JOHN ANDRETTI: If you look at Winston Cup teams in general, there is a tremendous amount of restructuring in every team. You know I think a lot of it got started. It's always been around. But more of it seemed to come about when Mark Martin and Kurt Busch switched teams. All of a sudden, they are competitive, out in the front, okay, everybody is going to want to switch my team with somebody; who has a team I can switch with? So when it comes to the winter we have two or three teams that spend an enormous amount of time and money buying our people. We are not the only ones but it seems like two or three teams pick us and two or three teams might pick Roush, but it's not everybody. They are sort of build the team around that. I think if you look at a lot of times next year, you are going to see no familiar faces on them and just -- not because they weren't good people or working together. It's just that the chemistry needed to get changed just to try something different. Gary Putnam, I have enjoyed working with him, and I haven't worked with him very long. We spend an awful lot of time on the telephone, and I am excited about that. He is going to do a lot for the 43. I think for sure things are coming our way. We have got a lot of distractions out of the way. We are smaller again which I think is really good. I think you can be too good easily, you can keep buying people, and those people you are buying, people that started conversations with other people, we are so lean now that have you no choice but to be working and getting it done or you are going -- I think Petty Enterprises is the best place it's been. I said that last year, and it was true. And next year I hope that I can say we are better than we are this year, but we are definitely another big step forward. I have long answers.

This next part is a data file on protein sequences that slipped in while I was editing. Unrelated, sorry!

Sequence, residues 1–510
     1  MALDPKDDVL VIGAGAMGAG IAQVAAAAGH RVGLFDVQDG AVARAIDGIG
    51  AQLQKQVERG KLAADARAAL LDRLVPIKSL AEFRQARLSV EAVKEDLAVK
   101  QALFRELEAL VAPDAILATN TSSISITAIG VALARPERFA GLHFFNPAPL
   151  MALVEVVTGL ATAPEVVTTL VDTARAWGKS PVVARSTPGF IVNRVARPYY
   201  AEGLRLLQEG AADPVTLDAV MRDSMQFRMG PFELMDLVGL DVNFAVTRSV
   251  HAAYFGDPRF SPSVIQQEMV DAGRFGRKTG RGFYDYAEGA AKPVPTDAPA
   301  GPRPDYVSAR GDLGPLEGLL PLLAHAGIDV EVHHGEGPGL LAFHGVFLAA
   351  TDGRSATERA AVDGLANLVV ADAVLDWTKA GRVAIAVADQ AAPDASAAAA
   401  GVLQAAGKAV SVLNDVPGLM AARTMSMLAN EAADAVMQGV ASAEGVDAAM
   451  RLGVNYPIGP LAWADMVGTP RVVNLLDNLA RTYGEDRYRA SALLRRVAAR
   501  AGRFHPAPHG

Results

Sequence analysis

Q. Can you talk about the irony that this year we will have an Andretti, a Foyt and a Fittipaldi?

JOHN ANDRETTI: I never thought about it.

Q. Can you talk about the irony about that?